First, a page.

Jewish World Review Feb. 10, 2003 / 8 Adar I, 5763
Pundits review Powell's performance
http://www.NewsAndOpinion.com | "Two people had terrible weeks this week: Michael Jackson with his interview and Saddam Hussein," was NPR's Juan Williams summary on Fox News Sunday.
Thankfully, weekend pundits did not explore Michael Jackson's difficulties. Instead, they concentrated on Saddam Hussein's bad week, the result of Secretary of State Colin Powell's presentation to the UN. Mara Liasson, of NPR, spoke for most pundits when she called his performance "powerful and compelling" during the Fox panel.
There was almost no mention on the Sunday shows of last week's big story: the loss of the Columbia.
Powell appeared on Meet the Press, Fox, and This Week. He stood firmly behind his Wednesday comments at the UN. He also threw cold water on reports of a French-German proposal for enhanced inspections, refused to discuss why the US did not "take out" a suspected al Qaeda camp in Northern Iraq, and defended the Administration's team, including controversial remarks by Secretary of State Donald Rumsfeld.
More interesting were the reactions of Democrats.
Former Secretary of State Madeline Albright,, while conceding on Meet the Press that Powell did a "brilliant job" at the UN, maintained there was too much of an "irrational exuberance" for conflict. She claimed that the battle against al Qaeda and resolving the "crisis" in North Korea was more pressing than Iraq, accusing the Administration of a "unidimensional foreign policy." When host Tim Russert showed her bellicose comments she and President Clinton made against Iraq in 1998, Albright responded, "Things are different after 9-11."
Sen. Carl Levin, D-Mich, on Fox, also sounded more bellicose in 1998 then he does now, as host Tony Snow and Brit Hume asked him to explain previous positions. Levin ducked the question. He called for the Administration to stop viewing the UN Security Council as a "stumbling block." Even while conceding that inspections were unlikely to succeed absent a cooperative Iraqi government, Levin said they should continue because, "There's a chance they'll succeed."
On This Week, host George Stephanopolous interviewed possible Democratic presidential "peace" candidate Rep. Dennis Kucinich, D-Ohio, ahead of Sen. Joe Biden, D-Del. Kucinich called for "Patience towards peace, not impatience towards war." As he heads for Iowa to gauge support, he promised, "A fresh look at foreign policy. War itself should be archaic."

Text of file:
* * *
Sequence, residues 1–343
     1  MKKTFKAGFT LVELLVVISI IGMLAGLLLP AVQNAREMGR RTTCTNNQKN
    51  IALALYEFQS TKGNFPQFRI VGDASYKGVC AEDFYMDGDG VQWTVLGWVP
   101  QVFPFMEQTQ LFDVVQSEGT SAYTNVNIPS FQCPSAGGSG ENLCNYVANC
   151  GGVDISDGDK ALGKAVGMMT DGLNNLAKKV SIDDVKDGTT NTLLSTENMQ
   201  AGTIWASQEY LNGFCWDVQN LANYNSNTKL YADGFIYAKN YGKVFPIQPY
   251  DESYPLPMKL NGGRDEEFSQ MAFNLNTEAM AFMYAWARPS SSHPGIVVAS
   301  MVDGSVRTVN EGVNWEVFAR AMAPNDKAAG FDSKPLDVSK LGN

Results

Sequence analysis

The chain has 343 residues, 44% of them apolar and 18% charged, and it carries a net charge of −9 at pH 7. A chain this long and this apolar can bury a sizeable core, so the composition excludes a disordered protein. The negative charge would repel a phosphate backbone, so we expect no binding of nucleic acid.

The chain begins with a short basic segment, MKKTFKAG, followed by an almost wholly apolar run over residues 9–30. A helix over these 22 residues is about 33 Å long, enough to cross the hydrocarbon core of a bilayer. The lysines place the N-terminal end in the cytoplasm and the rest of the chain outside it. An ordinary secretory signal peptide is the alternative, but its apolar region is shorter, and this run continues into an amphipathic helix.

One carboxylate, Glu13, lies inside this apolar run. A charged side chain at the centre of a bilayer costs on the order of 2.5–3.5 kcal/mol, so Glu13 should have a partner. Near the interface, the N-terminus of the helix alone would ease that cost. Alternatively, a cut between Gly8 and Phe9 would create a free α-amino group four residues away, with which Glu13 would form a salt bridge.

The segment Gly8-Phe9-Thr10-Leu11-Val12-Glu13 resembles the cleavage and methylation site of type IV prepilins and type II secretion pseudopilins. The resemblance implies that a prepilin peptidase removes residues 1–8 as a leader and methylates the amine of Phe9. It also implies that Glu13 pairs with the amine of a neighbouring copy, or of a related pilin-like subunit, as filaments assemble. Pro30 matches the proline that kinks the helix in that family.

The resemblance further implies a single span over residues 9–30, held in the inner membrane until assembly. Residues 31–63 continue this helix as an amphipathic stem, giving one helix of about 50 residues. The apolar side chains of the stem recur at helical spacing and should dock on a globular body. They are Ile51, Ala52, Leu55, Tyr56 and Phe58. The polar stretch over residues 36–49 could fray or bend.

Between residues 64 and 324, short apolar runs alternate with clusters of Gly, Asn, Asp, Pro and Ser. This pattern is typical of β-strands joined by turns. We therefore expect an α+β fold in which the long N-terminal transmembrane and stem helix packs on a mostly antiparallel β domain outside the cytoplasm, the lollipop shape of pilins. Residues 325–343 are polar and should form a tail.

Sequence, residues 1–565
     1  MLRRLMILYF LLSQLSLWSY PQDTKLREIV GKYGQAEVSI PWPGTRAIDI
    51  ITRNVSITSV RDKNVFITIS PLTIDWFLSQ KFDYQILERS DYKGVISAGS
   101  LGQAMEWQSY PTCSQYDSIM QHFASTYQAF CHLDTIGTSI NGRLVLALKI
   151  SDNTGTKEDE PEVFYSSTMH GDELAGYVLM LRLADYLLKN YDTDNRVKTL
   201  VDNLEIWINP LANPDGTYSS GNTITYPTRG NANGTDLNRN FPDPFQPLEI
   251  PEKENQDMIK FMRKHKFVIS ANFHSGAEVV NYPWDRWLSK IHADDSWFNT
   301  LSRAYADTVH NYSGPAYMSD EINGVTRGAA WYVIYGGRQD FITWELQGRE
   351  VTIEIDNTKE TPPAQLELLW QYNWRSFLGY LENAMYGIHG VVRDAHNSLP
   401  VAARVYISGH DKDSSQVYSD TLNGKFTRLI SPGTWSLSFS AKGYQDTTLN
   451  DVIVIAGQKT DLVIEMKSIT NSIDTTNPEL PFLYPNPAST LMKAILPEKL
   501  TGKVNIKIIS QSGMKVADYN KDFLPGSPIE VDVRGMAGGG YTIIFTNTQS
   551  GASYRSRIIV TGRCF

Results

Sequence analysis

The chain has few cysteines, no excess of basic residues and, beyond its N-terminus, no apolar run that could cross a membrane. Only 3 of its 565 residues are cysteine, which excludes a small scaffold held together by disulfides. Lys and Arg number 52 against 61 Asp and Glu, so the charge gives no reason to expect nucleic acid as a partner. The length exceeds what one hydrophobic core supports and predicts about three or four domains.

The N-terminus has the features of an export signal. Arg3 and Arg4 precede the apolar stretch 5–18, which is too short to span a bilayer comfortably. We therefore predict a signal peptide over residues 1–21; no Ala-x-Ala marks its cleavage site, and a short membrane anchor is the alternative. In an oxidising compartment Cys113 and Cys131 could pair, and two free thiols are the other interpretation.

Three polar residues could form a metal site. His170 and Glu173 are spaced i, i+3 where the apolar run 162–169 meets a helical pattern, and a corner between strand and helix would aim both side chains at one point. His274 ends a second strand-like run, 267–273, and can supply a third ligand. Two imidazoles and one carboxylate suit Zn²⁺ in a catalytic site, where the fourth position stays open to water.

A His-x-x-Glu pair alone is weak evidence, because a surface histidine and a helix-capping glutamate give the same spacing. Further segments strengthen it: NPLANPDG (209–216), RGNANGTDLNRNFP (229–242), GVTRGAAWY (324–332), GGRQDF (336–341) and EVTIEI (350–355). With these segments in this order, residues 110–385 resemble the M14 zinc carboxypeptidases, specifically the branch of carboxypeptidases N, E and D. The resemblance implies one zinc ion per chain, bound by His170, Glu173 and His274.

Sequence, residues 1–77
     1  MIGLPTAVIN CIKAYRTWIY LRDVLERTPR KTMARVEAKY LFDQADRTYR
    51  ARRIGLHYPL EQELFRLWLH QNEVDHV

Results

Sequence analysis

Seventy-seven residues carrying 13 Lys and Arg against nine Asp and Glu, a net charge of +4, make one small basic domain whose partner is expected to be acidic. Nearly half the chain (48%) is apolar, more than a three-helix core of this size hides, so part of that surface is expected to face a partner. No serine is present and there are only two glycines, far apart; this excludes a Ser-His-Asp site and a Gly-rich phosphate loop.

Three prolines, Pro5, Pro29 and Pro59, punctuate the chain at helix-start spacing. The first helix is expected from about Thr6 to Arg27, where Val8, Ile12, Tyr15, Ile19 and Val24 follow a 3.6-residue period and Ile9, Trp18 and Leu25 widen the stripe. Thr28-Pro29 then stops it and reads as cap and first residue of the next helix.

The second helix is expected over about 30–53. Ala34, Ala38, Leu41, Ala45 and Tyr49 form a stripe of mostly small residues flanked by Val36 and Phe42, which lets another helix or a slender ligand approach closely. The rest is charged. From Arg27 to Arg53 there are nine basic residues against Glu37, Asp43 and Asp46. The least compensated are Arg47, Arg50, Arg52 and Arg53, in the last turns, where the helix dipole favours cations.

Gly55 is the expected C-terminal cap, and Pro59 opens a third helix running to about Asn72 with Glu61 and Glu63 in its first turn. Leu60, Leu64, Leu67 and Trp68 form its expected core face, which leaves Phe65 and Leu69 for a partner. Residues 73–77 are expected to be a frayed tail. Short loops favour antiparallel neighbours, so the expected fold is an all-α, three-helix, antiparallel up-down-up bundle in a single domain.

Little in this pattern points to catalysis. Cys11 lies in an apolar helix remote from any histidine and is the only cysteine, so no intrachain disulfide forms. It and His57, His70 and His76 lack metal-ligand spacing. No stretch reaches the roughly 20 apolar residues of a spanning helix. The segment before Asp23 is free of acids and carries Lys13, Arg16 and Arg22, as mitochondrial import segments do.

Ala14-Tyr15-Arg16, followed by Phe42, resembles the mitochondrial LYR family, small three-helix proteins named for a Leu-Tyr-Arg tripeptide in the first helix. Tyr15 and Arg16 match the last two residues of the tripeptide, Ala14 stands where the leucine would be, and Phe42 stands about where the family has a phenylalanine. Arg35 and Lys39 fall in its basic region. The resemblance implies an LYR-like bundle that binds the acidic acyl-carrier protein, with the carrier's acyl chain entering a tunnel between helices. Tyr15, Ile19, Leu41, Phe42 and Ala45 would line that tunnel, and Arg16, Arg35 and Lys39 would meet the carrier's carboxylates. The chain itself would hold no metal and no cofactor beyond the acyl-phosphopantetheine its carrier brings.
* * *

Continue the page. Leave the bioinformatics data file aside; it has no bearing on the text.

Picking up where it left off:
Biden seemed unimpressed by the reported proposals of the French and Germans. He also seemed to be supportive of the Administration's position, if only because the US was "in a box" by having troops ready to go. Without revealing anything, he said the Administration had a "defensible" rationale for not bombing the suspected terrorist camp in Northern Iraq, although he hinted that he might have come to a different conclusion. Asked by Stephanopolous if he was still thinking of running for President, Biden gave an emphatic "yes." After Kucinich, it was not hard to understand why.
National Security Advisor Condoleezza Rice spelled Powell on Face the Nation, where New York Times columnist Tom Friedman shared in the questioning with host Bob Scheiffer. Friedman, with a series of questions about what would come after war with Iraq, confirmed David Brooks' comment on The News Hour. The editor of The Weekly Standard said Powell's speech had shifted the debate away from "whether" to "how."
ONE LESS THING TO ANALYZE
OLD EUROPE BASHING
Charles Krauthammer on Fox: "I'm all in favor of gratuitous hits at France and Germany."
Robert Novak, Chicago Sun-Times: "You know, Al, I'm glad you played the Karl Marx card."
Robert Novak: "This is one government program that I like. I don't think we've spent enough money on it in the past. There's so many government programs that are wasteful, but this is, this has romance to it, it has, it has adventure. And it's not -- Margaret, I'm sure you can understand, it isn't like sending a robot into space. And I believe that the mission to Mars is something to look forward to
Al Hunt: Neither Clinton nor Bush viewed the space program as anything but really a trophy. And I think we ought to have that debate, and then we can decide how much money we ought to spend. John Glenncan persuasively tell you of the advantages of, of, of everyone who's gone into space. But Bob, I hate to tell you this, but there's an awful lot of stuff in the future that robots can do.
Margaret Carlson, Time: I'm not sure there can be enough money to send people hurtling through space on a space shuttle that seems to have outlived its usefulness, even, you know, supporters of NASA will, will say that there are better ways to learn about space. And what you learn about from the space shuttle is by sending humans into space, is how to send other humans into space, not to learn that much more about, you know, conquering the heavens. So given, you know, the cutbacks that are, that are going on, the increase and the privatizing may not be enough to ever make the space shuttle as good as it needs to be.
PRINCE OF PEACE
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02/03/03: Columbia Freezes Partisan Debates